Sunday, July 15, 2012

Connecting Boston to New York via High Speed rail!

If you ever wanted to go from New York to Boston- you had several options (none of them really ideal).
One was to fly, either haul yourself to an airport, go through airport security, land, and then get your bags again and go into the city- at that rate you'll probably spend more time going to and from the airport than actually being in the air.  The second option was to drive (assuming you had a car or would rent one), but then good luck finding parking in New York City.  The third way was by train, which by far the most comfortable way to travel.  However it costs over $67-$164 each way, and 3.5 hours on the Acela (slow trains take over 5 hours) is what I would call quick.  The final option is to take the bus, which there are several options (some with crazy drivers who serve and overtake others on the highway as you cling for dear life) which is the cheapest option but lacking on comfort, especially if traffic slows it down.  Usually done in 4.25 hours, though a really good (I mean crazy) driver will get you there under 4.

I've had the luxury (or perhaps pain) of trying all the options, and really the train or buses (I've used bolt bus, Mega, and some others) are the way to go (though technically my friend drove the NYC/Boston route).  By the time you go to the airport, go through security, take off- you've already wasted a lot of time, which that case you might as well have taken the train.  Or you can go cheap and take the Bus, which isn't that bad if you're not time constrainted, and at $15 (or $1 if you book REALLy early), it's worth it compared to the average $100 USD you'll pay for the Acela that's only 45 faster.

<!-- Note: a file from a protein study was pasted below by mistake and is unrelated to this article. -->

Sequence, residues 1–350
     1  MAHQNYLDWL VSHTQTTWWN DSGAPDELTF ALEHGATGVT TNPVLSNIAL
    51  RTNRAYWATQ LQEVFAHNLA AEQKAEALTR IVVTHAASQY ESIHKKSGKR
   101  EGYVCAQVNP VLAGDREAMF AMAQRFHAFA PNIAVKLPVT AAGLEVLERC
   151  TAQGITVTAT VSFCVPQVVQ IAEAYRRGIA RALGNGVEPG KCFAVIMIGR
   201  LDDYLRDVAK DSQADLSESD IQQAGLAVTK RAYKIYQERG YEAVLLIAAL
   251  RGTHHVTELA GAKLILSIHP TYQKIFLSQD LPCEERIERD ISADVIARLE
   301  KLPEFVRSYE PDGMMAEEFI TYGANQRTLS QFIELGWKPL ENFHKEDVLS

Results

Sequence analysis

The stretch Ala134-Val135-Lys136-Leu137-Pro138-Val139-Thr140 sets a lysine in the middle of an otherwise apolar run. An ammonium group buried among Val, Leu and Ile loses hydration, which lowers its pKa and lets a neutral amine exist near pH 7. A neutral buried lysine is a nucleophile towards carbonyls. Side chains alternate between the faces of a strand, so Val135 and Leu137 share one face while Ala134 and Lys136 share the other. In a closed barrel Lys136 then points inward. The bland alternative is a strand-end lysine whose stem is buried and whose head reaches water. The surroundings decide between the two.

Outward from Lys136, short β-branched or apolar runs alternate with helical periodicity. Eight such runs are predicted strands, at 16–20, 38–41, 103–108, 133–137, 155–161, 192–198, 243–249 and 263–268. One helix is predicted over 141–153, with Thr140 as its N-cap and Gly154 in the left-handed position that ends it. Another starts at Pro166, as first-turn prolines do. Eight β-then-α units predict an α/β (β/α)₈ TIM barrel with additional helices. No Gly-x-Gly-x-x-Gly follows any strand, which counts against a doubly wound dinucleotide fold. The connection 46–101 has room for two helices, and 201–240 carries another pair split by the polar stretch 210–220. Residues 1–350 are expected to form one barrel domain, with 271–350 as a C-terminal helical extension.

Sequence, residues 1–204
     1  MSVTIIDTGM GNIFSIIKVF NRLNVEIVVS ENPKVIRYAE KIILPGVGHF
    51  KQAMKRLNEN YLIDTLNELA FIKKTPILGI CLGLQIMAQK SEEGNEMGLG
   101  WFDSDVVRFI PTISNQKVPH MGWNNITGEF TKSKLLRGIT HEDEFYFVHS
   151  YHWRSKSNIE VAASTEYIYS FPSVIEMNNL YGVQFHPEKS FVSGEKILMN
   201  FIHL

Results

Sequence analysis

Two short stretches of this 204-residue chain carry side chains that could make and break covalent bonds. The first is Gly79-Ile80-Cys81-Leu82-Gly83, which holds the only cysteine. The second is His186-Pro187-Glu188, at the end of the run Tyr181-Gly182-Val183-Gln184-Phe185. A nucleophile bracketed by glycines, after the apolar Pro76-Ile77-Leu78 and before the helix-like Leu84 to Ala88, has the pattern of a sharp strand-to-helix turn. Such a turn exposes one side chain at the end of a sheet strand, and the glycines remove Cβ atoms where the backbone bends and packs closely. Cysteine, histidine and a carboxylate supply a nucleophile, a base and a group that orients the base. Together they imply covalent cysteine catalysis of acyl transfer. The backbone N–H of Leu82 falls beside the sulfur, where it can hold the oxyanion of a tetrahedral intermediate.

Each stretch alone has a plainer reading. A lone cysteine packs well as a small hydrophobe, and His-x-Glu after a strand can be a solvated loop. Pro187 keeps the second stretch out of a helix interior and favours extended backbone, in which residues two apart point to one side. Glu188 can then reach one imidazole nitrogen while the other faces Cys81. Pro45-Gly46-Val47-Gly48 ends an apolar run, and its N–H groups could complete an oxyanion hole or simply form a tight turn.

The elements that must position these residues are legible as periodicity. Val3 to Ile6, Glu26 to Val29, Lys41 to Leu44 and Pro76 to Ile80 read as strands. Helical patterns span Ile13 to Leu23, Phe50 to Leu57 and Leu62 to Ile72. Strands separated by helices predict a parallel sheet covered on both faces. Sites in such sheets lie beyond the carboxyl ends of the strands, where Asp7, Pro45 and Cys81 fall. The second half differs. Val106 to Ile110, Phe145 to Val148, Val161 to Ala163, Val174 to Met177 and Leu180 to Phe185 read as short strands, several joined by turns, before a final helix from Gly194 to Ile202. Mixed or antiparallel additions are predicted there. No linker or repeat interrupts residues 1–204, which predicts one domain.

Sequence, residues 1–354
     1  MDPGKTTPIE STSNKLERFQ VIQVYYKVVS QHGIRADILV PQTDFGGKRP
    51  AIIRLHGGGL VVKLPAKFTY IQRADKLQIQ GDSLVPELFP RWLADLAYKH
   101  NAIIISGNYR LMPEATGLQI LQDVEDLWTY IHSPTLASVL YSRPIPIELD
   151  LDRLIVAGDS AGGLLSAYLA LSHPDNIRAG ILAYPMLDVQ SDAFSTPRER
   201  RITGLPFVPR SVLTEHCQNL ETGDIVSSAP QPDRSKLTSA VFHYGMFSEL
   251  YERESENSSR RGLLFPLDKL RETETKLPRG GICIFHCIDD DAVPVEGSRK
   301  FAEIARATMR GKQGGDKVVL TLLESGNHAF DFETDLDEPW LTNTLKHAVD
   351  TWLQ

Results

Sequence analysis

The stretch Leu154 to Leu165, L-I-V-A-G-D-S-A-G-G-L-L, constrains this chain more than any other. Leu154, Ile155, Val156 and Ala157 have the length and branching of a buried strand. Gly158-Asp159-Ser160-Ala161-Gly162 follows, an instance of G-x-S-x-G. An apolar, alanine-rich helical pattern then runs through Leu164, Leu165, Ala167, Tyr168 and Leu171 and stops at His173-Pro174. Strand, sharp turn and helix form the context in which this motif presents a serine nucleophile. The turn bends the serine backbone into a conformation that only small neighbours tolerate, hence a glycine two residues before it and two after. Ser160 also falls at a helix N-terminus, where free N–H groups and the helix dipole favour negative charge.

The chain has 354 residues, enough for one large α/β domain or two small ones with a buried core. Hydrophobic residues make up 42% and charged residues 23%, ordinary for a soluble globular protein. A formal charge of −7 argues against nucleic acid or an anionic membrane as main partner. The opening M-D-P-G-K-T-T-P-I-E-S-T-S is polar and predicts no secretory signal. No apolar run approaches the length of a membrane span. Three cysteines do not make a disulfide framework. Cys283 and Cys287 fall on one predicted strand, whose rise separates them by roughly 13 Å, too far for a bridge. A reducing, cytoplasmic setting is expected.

But now comes the new project which I've been talking to people for years.  High speed rail linking up Boston and New York City.  Extending it down to Washington D.C. and Philadelphia would also be good, but Boston and NYC would benefit the most.  Now at 94 minutes, a lot more business could be done- and *gasp* you could live in one city, and work in the other!  While that might not go well with die-hard Yankee/Red Sox/Giants/Patriots fans to see the two cities interlinked, it really would help a lot of development in the region as a whole.

Unlike California's idea to building a super rail- the only obvious route is Los Angeles and San Francisco, that would benefit from reduced travel- both cities are large enough and dense enough to really benefit the way Boston & New York would.  High speed rail that goes into the center of the city works best when there are: 1) two cities with major dense population (dense not sparsely populated like LA), and 2) Where both cities are a couple of hours away by car, and if the benefit of high speed rail would cut that to a reasonable commuting trip.

When these two factors occur, creating a link of high speed rail makes the most sense, and creates the most benefit.  Japan has used high speed rail for a long time (a lot of dense populated cities scattered through), while other countries have created massive high speed but don't really make sense.  Here in the UK, there has been talk of massive high speed rail, linking various parts of the UK to London.  There are already trains that do this in about 4 hours or so- but would cutting that time benefit them that much?  They could just run trains that are more direct to cut the travel times.  London to Oxford takes 1 hour, but if they had a train that didn't stop at several stops along the way I'm sure it would be much faster.

 It doesn't need to be the same country- look at London and Paris- the Eurostar high speed rail has done wonders for travel between the two densely populated cities.  In 2 hours and 15 min you can be in the middle of London, or the middle of Paris.  I've been on the Eurostar and its so much better than flying, and there are enough passengers that you can actually make some money because there is enough scale.

Although it is a long term project, and will take years to finish- longer term, when less people are driving in densely populated cities, it could be a huge benefit for all business connected by high speed rail.

Northeast Corridor only profitable part

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